Title Deep splicing plasticity of the human adenovirus type 5 transcriptome as a driver of virus evolution nanopore data 48hpi 
Description Adenovirus infected MRC5 cells direct RNA sequencing of the mRNA using nanopore. From the paper Deep splicing plasticity of the human adenovirus type 5 transcriptome as a driver of virus evolution. Both the uncorrected fastq files and the lordec corrected files together with the normalised illumina data used to correct the nanpore data are here. 
Type Of Material Database/Collection of data 
Year Produced 2020 
Provided To Others? Yes  
URL https://zenodo.org/record/3610257
 
Title Deep splicing plasticity of the human adenovirus type 5 transcriptome as a driver of virus evolution nanopore data 48hpi 
Description Adenovirus infected MRC5 cells direct RNA sequencing of the mRNA using nanopore. From the paper Deep splicing plasticity of the human adenovirus type 5 transcriptome as a driver of virus evolution. Both the uncorrected fastq files and the lordec corrected files together with the normalised illumina data used to correct the nanpore data are here. 
Type Of Material Database/Collection of data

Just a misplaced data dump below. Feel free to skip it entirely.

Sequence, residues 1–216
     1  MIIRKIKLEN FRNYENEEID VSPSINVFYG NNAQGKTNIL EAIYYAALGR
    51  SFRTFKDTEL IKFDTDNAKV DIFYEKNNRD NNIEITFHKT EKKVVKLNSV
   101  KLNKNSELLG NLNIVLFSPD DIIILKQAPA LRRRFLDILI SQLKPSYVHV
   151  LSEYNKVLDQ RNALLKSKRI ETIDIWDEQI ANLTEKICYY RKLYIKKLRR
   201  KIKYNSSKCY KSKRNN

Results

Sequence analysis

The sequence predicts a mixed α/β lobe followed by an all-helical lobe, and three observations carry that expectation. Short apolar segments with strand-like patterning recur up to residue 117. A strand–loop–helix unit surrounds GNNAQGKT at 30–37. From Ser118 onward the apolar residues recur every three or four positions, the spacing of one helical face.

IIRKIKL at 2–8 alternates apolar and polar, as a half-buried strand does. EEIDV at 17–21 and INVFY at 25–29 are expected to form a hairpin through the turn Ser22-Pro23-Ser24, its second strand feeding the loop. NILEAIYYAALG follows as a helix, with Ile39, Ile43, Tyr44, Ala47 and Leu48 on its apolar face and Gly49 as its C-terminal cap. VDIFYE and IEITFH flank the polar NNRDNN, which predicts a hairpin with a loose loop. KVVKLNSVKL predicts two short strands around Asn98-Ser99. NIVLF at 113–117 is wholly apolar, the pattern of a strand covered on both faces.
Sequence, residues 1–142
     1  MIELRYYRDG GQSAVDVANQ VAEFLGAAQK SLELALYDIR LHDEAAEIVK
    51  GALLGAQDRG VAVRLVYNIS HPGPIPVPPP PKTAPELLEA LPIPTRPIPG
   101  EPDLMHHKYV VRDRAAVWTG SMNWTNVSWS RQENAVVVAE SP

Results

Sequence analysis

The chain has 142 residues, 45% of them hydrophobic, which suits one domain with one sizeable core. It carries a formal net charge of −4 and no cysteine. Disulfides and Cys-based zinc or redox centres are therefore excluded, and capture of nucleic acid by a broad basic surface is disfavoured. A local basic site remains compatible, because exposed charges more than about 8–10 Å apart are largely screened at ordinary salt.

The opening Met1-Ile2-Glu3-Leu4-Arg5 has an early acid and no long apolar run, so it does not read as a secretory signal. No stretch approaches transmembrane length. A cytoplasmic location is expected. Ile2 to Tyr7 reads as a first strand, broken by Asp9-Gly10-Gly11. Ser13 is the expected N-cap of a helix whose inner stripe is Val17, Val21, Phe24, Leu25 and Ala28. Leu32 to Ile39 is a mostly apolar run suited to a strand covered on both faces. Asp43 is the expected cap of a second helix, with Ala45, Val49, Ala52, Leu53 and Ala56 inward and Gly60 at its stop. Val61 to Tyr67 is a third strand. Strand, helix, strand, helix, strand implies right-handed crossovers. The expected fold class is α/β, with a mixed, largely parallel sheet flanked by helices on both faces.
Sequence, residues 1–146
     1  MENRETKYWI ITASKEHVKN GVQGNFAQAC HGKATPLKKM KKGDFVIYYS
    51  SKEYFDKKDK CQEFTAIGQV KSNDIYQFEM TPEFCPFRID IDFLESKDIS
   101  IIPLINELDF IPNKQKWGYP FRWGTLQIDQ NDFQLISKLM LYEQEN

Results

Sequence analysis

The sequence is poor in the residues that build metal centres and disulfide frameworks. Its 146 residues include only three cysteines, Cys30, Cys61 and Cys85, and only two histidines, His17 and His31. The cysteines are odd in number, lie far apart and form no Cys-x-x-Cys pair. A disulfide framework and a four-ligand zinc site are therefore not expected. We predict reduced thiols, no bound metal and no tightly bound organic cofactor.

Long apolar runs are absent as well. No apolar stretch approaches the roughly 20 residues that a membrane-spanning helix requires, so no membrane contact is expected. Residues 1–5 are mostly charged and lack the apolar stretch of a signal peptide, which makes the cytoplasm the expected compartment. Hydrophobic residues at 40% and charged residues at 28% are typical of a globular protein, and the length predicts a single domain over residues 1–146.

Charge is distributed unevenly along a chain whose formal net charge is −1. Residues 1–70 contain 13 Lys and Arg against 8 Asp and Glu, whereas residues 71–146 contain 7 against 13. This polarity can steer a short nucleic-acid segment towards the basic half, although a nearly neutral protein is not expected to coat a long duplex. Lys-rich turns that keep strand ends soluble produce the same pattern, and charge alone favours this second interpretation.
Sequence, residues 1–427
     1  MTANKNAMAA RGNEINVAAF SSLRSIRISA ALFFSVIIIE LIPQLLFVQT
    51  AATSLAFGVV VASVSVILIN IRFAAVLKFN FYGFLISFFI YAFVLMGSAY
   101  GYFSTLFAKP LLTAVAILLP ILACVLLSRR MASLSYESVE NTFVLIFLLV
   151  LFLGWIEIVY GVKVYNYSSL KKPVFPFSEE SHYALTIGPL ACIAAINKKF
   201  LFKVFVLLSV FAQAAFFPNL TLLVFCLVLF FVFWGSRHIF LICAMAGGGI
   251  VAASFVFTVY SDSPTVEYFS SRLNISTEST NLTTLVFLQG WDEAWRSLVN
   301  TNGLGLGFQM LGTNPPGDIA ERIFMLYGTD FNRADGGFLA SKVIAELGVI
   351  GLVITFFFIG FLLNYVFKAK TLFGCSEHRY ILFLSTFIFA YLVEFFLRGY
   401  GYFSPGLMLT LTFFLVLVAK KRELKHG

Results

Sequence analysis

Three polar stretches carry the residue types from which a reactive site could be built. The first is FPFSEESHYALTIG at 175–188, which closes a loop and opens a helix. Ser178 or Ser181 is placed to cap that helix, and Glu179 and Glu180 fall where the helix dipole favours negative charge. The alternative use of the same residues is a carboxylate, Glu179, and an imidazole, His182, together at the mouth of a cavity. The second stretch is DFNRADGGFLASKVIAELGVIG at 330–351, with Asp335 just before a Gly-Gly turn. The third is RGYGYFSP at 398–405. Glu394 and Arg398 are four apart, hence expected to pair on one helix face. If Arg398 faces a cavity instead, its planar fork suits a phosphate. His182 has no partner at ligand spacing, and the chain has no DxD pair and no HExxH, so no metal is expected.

Year Produced 2020 
Provided To Others? Yes  
URL https://zenodo.org/record/3610256
 
Title Fastq data for Vero E6 cell infeceted with SARS CoV 2 
Description Vero cells infected with SARS-CoV 2 and the transcriptome sequenced by dRNAseq on nanopore. 
Type Of Material Database/Collection of data 
Year Produced 2020 
Provided To Others? Yes  
URL https://zenodo.org/record/3722580
 
Title Fastq data for Vero E6 cell infeceted with SARS CoV 2 
Description Vero cells infected with SARS-CoV 2 and the transcriptome sequenced by dRNAseq on nanopore. 
Type Of Material Database/Collection of data 
Year Produced 2020 
Provided To Others? Yes  
URL https://zenodo.org/record/3722579
 
Title Phosphoprotoemics for SARS COV 2 infected VeroE6 cells 
Description Vero cells infected with SARS CoV 2 at Bristol University March 2020 this phospho preoteome is matched with fastq data and a total proteome 
Type Of Material Database/Collection of data 
Year Produced 2020 
Provided To Others? Yes  
URL https://zenodo.org/record/3722605
 
Title Phosphoprotoemics for SARS COV 2 infected VeroE6 cells 
Description Vero cells infected with SARS CoV 2 at Bristol University March 2020 this phospho preoteome is matched with fastq data and a total proteome 
Type Of Material Database/Collection of data 
Year Produced 2020 
Provided To Others? Yes